It’s complicated….

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Baku’s Flame Towers

by Limbic on January 14, 2017

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Photo Credit: Kudosmedia Flickr via Compfight cc

See more:

https://en.wikipedia.org/wiki/Flame_Towers

http://www.skyscrapercity.com/showthread.php?t=875700

 

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The End of Globalization? The International Security Implications

by LimbicNutrition Shorts on December 26, 2016

The End of Globalization? The International Security Implications:

Very interesting analysis of the forces slowing globalization and the effects on global security.

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The most disruptive phase of globalization is just beginning

by LimbicNutrition Shorts on December 25, 2016

The most disruptive phase of globalization is just beginning:

Fascinating look at the next wave of disruptors. Telerobotics was something I had not thought of.

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Scott Alexander on Nonfiction Writing

by Limbic on December 25, 2016

Scott writes the Slate Star Codex blog.

  1. Divide things into small chunks
  2. Variety is the spice of life (add images etc.)
  3. Keep your flow of ideas strong
  4. Learn what should and shouldn’t be repeated.
  5. Use microhumor
  6. Use concrete examples
  7. Figure out who you’re trying to convince, then use the right tribal signals
  8. Anticipate and defuse counterarguments
  9. Use strong concept handles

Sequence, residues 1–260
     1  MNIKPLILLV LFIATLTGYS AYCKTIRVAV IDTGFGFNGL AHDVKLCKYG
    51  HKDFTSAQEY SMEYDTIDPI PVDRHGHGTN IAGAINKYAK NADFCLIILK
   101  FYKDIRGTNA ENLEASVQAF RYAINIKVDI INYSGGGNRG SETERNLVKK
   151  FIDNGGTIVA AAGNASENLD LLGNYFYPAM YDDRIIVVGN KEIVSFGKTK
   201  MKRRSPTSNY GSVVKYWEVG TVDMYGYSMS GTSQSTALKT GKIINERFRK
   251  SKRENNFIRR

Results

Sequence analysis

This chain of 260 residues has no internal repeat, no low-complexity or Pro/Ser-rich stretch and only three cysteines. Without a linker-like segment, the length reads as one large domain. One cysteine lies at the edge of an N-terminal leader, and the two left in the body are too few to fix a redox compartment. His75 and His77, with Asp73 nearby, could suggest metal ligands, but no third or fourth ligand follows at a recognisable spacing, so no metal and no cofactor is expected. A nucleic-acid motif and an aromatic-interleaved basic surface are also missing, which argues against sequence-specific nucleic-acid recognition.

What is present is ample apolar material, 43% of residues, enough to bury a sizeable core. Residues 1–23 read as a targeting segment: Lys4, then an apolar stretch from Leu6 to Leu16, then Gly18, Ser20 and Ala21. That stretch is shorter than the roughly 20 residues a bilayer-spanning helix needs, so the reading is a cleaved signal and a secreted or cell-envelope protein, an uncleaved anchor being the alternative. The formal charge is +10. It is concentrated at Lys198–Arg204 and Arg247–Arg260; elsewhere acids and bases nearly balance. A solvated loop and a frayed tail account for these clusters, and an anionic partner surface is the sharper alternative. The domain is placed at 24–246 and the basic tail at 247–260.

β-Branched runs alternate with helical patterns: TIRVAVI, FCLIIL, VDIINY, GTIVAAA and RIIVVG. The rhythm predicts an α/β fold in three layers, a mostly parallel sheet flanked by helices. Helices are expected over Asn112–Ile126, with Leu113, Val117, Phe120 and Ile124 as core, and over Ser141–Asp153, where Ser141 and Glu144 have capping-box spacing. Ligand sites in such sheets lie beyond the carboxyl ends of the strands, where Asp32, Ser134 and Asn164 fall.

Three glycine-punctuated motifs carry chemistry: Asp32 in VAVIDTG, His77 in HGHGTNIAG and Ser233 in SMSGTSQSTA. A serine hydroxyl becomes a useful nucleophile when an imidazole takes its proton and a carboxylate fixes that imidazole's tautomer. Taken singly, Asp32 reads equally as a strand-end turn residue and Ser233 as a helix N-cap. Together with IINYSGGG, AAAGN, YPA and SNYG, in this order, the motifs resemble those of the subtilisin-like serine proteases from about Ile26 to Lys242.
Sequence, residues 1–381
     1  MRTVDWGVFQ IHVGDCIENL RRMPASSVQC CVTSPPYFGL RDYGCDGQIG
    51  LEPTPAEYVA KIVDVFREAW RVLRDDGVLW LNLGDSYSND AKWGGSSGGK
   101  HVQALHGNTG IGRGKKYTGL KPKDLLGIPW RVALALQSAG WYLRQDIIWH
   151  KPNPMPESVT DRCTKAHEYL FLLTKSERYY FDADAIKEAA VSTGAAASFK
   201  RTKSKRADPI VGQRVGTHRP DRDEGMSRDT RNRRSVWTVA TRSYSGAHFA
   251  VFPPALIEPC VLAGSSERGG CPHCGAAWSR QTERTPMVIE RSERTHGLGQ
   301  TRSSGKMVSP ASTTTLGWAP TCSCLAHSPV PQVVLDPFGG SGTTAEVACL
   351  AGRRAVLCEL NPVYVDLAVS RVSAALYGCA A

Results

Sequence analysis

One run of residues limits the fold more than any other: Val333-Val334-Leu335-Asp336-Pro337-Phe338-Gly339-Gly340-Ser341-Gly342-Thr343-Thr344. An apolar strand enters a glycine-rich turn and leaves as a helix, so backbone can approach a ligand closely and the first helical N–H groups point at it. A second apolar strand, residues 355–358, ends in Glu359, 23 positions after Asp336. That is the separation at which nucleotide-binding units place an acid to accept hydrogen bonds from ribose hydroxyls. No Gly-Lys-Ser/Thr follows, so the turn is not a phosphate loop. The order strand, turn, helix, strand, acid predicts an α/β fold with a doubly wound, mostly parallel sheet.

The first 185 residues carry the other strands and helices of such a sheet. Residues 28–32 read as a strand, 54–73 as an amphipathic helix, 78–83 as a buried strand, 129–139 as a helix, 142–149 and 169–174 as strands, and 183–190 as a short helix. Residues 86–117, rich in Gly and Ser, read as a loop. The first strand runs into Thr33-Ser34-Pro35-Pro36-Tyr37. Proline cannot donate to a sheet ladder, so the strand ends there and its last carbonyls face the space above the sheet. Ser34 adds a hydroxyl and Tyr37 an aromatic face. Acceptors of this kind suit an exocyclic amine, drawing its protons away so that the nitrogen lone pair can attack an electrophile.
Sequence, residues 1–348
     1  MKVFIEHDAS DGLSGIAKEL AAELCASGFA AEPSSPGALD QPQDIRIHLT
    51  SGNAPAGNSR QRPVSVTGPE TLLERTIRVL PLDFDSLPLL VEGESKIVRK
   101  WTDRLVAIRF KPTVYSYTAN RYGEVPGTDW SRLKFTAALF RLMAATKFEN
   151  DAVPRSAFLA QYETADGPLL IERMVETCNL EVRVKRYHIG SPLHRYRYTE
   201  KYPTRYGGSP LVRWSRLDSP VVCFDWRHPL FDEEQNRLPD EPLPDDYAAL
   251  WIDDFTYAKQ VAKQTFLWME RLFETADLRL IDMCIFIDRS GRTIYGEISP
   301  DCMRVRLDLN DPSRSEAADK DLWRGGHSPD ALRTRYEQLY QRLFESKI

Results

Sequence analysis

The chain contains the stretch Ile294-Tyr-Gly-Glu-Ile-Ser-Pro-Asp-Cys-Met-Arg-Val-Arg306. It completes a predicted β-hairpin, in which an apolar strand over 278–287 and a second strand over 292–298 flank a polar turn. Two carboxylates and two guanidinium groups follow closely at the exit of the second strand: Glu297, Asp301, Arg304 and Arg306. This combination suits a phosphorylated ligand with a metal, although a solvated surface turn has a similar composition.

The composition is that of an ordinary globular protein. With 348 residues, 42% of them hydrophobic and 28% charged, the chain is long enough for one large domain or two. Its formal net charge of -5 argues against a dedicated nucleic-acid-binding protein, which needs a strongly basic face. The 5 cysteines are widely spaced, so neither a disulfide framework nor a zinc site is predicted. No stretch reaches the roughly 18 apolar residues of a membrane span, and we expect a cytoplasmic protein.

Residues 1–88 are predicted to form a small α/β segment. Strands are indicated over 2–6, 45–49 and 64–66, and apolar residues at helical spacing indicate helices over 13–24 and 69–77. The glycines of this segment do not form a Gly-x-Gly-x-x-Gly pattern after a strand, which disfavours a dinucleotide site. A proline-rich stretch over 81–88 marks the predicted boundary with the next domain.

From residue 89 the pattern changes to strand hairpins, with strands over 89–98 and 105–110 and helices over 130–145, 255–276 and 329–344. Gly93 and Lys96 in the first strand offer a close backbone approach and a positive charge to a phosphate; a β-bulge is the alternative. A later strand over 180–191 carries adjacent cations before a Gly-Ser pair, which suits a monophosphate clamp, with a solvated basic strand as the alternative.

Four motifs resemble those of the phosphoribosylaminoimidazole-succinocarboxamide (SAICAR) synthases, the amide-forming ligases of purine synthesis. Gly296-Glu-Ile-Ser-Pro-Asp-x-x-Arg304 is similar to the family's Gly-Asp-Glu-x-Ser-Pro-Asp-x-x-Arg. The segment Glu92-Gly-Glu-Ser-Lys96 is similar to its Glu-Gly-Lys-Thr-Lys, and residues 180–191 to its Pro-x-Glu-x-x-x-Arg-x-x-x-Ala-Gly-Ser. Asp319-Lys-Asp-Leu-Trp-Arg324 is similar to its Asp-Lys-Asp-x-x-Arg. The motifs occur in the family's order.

10. Recognize that applying these rules will probably start disastrously

Details of the above at: http://slatestarcodex.com/2016/02/20/writing-advice/

 

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Chanotic Nazi Germany

by Limbic on December 25, 2016

Something caught my eye in an article on The Logical Fallacies of History:

“Whilst it is true that Owens’ performance was indeed remarkable – he won four gold medals – he by no means spoiled the party for Hitler. The games provided him with the opportunity to showcase the organizational skills of his regime (which actually went against the grain, since Nazi Germany in many ways was run very chaotically).”

This is new to me. The stock cliche is that “Hitler made the trains run on time,” or maybe it was Mussolini? Anyway, both Germany and the Nazi war machine were notoriously orderly.  I want to look into this claim that they were run chaotically.

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Hail the Maintainers

by Limbic on December 25, 2016

I am finally clearing out some old Instapaper articles. One that I really enjoyed was Andrew Russell’s examination of our civilizational obsession with “innovation” at the expense of maintenance and sustainable operability.

This is something we in cloud services learned fairly recently. Features are increasingly table stakes, fundamentals (e.g. availability, supportability, security, privacy, operability, maintainability, etc.) are the crucial differentiators.

Hail the Maintainers 

 

 

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Tyranny and the Cloud

by Limbic on December 24, 2016